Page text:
CHARLESTON — U.S. Senate-hopeful Don Blankenship has filed a petition with the state Supreme Court requesting that the court order Secretary of State Mac Warner to put him on the ballot for the November election.
Blankenship said his Aug. 9 petition makes it clear that the law relied upon by Warner is flawed in several ways, and violates both the West Virginia and the U.S. Constitutions.
Blankenship said even if the law were not otherwise flawed, it did not take effect until June 5—after the primary election and half-way through an election cycle.
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"Generally, laws are rarely applied retroactively and, for obvious reasons, it is even rarer when the law relates to elections," Blankenship said in a statement provided to The West Virginia Record.
Blankenship said former U.S. Supreme Court Justice Antonin Scalia wrote that "as a general rule, almost invariably, a legislation makes law for the future, not for the past."
"Simply put, the Secretary of State declaring that I am impacted by any so-called 'sore loser law' for a primary election loss prior to the law being enacted is nonsensical," Blankenship said.
Blankenship believes the West Virginia Constitution also specifically prevents the law from being enforced retroactively, as it states that passage of a law depriving a right or privilege because of actions before the law is expressly prohibited.
"This too clearly means that even if the law were otherwise valid, which it is not, it would not apply to this situation because my primary election loss occurred in May—before the law was even enacted," Blankenship said.
Blankenship lost in May when he ran for U.S. Senate as a Republican. Attorney General Patrick Morrisey won the Republican primary.
Blankenship then changed parties to the Constitution Party and filed to run in the general election in November.
Warner denied the filing, stating that the sore loser law stated that he could not run in the general election with a non-ballot-qualified party after being registered with a different party for the primary.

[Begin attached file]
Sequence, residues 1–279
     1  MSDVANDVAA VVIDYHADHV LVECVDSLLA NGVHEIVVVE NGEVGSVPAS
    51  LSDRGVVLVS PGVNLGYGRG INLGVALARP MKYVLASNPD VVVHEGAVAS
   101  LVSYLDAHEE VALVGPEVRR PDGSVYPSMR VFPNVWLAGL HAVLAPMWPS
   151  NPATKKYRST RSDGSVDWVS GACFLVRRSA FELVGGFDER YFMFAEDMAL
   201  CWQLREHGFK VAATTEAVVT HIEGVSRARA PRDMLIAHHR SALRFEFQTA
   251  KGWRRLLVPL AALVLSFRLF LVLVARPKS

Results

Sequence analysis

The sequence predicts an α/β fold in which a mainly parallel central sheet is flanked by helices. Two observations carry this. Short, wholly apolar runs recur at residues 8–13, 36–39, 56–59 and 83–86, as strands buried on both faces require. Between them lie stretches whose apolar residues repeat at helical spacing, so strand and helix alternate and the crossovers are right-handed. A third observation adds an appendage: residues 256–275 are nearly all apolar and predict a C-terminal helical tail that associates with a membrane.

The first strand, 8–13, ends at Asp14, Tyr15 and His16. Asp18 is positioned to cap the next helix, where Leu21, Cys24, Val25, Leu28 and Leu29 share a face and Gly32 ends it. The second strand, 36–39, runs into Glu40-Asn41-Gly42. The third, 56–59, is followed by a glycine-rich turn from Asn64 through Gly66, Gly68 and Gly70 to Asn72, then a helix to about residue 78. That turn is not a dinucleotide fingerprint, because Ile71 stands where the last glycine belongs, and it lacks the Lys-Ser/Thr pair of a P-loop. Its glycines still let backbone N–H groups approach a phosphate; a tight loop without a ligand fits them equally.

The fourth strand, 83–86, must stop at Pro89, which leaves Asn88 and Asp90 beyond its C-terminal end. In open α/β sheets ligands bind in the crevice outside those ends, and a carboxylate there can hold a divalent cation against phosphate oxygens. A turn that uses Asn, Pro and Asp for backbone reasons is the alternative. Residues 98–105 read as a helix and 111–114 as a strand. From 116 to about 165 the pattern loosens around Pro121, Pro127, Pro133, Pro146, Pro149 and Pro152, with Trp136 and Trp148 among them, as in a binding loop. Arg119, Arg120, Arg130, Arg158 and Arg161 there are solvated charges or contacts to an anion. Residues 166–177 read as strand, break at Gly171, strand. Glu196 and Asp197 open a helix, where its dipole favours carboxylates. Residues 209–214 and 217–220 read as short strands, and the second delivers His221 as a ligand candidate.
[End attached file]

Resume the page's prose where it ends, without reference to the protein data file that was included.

Blankenship said the petition points out that the West Virginia Constitution requires that the title of every law passed include an accurate description of the law, including any major things the law intends to do.
"The law relied upon to deny me access to the general election ballot contains no reference whatsoever to the preclusion of a candidate who loses a primary election from gaining access to the ballot in the general election of the same year," Blankenship said. "This may seem petty, but the Constitutional requirement that the bill’s title state what the law is intended to do is for good reason. If someone is searching the law books to find laws that are relevant to an action someone is contemplating—like running for the U.S. Senate, for example—then proper titling is critical to making the search effective and easy."
Blankenship said he has a fundamental right to be on the ballot as the nominee for the Constitutional Party "unless the government demonstrates a compelling state interest that I should not be."
"The state has not stated a compelling reason because there is not one—only the interests of the political parties and politicians are served by my not being on the ballot, and those interests are not to be considered in determining who is and who is not on the ballot this fall," Blankenship said.
"The bottom line is that if the West Virginia Supreme Court rules that I cannot be on the ballot, it will be reversible error."
Marc Williams, who is representing the Secretary of State's Office, did not return calls for comment. Steve Connolly, chief legal counsel with the Secretary of State's Office, also did not return a request for comment.